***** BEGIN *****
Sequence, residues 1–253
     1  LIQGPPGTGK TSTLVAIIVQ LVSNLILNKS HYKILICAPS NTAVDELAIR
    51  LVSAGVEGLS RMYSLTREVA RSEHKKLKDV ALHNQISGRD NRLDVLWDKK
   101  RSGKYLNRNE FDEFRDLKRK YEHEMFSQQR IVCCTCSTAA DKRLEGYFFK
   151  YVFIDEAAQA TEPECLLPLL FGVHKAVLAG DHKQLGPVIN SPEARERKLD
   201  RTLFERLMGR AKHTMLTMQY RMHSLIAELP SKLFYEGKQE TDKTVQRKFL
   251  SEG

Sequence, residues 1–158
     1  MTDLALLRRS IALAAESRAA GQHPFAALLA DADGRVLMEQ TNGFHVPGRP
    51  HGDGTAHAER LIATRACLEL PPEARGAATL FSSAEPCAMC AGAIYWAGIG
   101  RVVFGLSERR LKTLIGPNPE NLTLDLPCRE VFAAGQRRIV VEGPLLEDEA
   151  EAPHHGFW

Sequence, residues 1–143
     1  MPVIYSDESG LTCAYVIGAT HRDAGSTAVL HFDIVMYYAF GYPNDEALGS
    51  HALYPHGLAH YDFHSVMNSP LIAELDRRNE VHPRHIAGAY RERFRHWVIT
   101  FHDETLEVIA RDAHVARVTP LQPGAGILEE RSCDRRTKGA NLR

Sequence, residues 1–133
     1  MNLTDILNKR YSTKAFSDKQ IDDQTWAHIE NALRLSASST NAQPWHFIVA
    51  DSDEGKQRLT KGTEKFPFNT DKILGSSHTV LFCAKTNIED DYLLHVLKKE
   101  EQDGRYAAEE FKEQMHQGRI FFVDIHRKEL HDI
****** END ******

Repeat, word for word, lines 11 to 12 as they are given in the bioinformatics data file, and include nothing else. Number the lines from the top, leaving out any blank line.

   101  RVVFGLSERR LKTLIGPNPE NLTLDLPCRE VFAAGQRRIV VEGPLLEDEA
   151  EAPHHGFW